The Supreme People’s Court of China (SPC) has released a new set of judicial interpretations concerning interim injunction applications for intellectual property rights (IP Rights)-related disputes. The Provisions on Application of Laws in Adjudication of Action Preservation Cases Involving Intellectual Property Disputes (Fa Shi  No. 21) (Provisions) were published on 12 December 2018 and take effect on 1 January 2019. Prior to that, a consultation draft of the Provisions was released for public consultation on 26 February 2015.
The Provisions provide further guidance on interim injunctive relief (i.e. action preservation) applications made under Articles 100 and 101 of the Civil Procedure Law 2017 (2017 CPL) in cases concerning IP Rights and unfair competition, and clarify certain key concepts therein. (For more information on interim relief in the PRC, contact email@example.com to request a copy of our guide “Interim Relief in Mainland China”.)
Some important articles in the Provisions, which are covered in this post, are:
- Article 6, which provides for circumstances classified as “urgent circumstances” under Articles 100 and 101 of the 2017 CPL;
- Article 7, which lists the factors that the courts shall take into consideration in determining whether an action preservation order should be granted;
- Article 10, which elaborates on the concept of “irreparable harm” under Article 101 of the 2017 CPL in cases related to IP Rights or unfair competition. Risk of “irreparable harm” is an element that needs to be proved in any application for pre-litigation or pre-arbitration action preservation orders; and
- Article 16, which specifies circumstances under which applications for action preservation will be considered “wrongful”.
The Supreme People’s Court of China (SPC) has released two judicial interpretations (Interpretations) on arbitration. The Interpretations were passed on 20 November 2017 and 4 December 2017. The texts of both were made public on 29 December 2017 and became effective on 1 January 2018. The Interpretations are the latest in a series of steps by the SPC to improve the regime for both domestic and cross-border arbitration in mainland China.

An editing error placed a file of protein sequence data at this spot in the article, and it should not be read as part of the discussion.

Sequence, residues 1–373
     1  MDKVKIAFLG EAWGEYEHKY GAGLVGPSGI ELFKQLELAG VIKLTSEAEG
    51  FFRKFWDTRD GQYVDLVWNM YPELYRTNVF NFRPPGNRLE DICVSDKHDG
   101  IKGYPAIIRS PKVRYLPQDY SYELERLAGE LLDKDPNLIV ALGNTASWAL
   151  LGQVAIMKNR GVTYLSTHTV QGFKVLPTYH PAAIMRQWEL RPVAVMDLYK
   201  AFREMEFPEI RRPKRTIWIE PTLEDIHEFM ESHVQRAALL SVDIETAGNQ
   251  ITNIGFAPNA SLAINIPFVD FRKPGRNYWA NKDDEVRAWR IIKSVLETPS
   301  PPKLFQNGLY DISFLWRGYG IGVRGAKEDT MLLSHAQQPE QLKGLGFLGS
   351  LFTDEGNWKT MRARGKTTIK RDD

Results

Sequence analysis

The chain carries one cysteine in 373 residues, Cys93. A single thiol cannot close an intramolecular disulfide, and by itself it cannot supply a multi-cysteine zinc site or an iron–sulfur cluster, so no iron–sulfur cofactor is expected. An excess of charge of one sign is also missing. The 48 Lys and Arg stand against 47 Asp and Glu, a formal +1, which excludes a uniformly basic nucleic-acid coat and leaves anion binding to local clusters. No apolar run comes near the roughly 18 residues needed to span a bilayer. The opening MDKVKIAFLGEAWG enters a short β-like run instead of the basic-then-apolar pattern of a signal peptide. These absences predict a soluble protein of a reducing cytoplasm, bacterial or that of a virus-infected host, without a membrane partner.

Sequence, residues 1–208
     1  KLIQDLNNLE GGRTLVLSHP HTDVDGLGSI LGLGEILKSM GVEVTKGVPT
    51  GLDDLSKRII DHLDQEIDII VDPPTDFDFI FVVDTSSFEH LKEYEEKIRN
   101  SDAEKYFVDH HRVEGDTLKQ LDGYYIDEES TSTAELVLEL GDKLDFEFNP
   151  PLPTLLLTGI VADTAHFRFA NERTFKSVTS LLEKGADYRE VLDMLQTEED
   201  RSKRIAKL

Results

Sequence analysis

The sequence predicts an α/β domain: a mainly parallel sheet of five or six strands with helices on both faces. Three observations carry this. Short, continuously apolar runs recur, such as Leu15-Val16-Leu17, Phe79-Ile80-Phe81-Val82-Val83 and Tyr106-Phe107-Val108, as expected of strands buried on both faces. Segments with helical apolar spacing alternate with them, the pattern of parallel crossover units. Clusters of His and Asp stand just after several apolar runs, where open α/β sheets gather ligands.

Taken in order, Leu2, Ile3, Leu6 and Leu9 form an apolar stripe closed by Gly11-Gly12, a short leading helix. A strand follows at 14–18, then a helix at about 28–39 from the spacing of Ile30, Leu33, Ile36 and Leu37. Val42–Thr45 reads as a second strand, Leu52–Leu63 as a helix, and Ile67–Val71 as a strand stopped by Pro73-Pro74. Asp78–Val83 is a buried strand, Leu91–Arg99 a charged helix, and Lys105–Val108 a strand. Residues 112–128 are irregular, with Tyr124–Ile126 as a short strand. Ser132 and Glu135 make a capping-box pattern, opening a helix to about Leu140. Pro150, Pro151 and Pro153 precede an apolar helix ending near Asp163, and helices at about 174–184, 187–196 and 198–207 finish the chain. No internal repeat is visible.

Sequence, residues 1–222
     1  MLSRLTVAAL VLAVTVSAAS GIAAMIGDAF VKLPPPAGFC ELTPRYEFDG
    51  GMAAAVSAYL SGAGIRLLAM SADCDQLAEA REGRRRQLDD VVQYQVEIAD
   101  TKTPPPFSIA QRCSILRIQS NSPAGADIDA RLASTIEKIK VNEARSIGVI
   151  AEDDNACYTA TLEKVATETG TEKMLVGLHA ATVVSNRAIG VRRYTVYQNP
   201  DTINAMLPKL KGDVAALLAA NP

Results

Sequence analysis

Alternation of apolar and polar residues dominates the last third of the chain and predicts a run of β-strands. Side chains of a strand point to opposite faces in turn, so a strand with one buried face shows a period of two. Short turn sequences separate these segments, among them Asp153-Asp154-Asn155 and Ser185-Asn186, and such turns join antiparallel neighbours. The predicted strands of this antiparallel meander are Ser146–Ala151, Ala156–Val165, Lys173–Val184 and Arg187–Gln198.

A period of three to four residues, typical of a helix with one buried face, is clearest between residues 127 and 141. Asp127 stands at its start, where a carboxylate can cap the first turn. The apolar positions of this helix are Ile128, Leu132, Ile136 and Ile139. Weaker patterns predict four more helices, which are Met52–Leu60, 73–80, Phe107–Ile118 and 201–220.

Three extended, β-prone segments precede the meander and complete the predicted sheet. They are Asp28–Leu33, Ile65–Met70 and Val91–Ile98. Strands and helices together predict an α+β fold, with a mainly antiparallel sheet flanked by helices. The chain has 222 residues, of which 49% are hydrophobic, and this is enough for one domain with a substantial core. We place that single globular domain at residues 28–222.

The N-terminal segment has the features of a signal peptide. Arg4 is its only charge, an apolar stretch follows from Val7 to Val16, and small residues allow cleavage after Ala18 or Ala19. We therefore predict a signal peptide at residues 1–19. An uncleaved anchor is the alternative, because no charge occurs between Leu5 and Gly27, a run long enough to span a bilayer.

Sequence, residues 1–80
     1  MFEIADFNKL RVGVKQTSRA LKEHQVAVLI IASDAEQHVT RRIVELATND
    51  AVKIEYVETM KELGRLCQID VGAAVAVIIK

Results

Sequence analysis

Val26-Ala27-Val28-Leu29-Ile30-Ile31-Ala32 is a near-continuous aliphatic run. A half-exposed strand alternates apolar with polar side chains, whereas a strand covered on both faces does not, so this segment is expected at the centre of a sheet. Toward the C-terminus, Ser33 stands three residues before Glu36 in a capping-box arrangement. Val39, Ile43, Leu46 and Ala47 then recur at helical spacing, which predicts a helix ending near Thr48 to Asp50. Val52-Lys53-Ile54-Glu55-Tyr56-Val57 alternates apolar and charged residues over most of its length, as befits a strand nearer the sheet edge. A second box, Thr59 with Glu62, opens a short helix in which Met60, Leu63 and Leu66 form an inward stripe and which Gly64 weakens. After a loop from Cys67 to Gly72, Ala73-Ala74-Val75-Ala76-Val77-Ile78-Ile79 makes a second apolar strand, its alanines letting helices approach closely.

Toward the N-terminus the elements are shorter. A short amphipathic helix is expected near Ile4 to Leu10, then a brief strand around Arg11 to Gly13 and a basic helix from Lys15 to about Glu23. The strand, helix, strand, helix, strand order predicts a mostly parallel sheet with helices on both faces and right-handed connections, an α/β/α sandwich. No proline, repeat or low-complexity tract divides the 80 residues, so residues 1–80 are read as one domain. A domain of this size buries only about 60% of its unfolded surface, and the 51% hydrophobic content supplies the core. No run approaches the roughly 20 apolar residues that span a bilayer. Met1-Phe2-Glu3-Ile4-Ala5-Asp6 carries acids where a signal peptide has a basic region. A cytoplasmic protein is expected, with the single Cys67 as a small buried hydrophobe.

The Interpretations primarily address the judicial review of arbitration cases. The important provisions that have been given effect include:
- Extending the existing “reporting system” to domestic arbitrations in order to achieve judicial consistency
- Granting parties limited opportunities to participate in the reporting system to improve transparency
- Encouraging parties to state expressly the law they intend to govern a foreign-related arbitration agreement
- Clarifying that the decisions of the PRC Courts under the “reporting system” are not subject to appeal.
The latest buzz within the Chinese international commercial legal community on Belt & Road related legal developments appears not to have surmounted the Great Wall of the Chinese language. The buzz is that a comprehensive judicial interpretation relating to arbitration is on route to promulgation.
On 4 December the Supreme People’s Court (SPC) issued a news release that its judicial committee had approved a judicial interpretation on judicial review of arbitration in principle, entitled Provisions on Some Issues Related to the Trial of the Judicial Review of Arbitration (Judicial Review of Arbitration Interpretation) (最高人民法院关于审理仲裁司法审查案件若干问题的规定). “Approval in principle” (原则通过) is not mentioned by the SPC’s 2007 regulations on judicial interpretations but is one of the SPC’s long-established practices. It means that the judicial committee has approved it, subject to some “minor” amendments. Minor amendments are more than typographical errors and relate to specific substantive matters. However, the news release did not specify what those “minor” issues were or set a deadline for issuing the interpretation. In December of last year (2016), the SPC’s judicial committee also approved in principle the #4 Company Law interpretation, but that interpretation was not formally issued until August of this year. This observer surmises (without any basis in facts or rumors) that the interpretation will be promulgated before Chinese new year so it can be one of the 2017 accomplishments of the SPC’s #4 Civil Division (but then again, that may be overly optimistic.
Supreme People’s Court Monitor has published a highly informative article on proposals by the SPC relating to China’s”Belt and Road” initiative. These include establishing a dedicated court, along the lines of the Singapore International Commercial Court, to hear Belt & Road disputes. Click here to read the piece.
Our thanks to Susan Finder of SPC Monitor for permission to re-publish.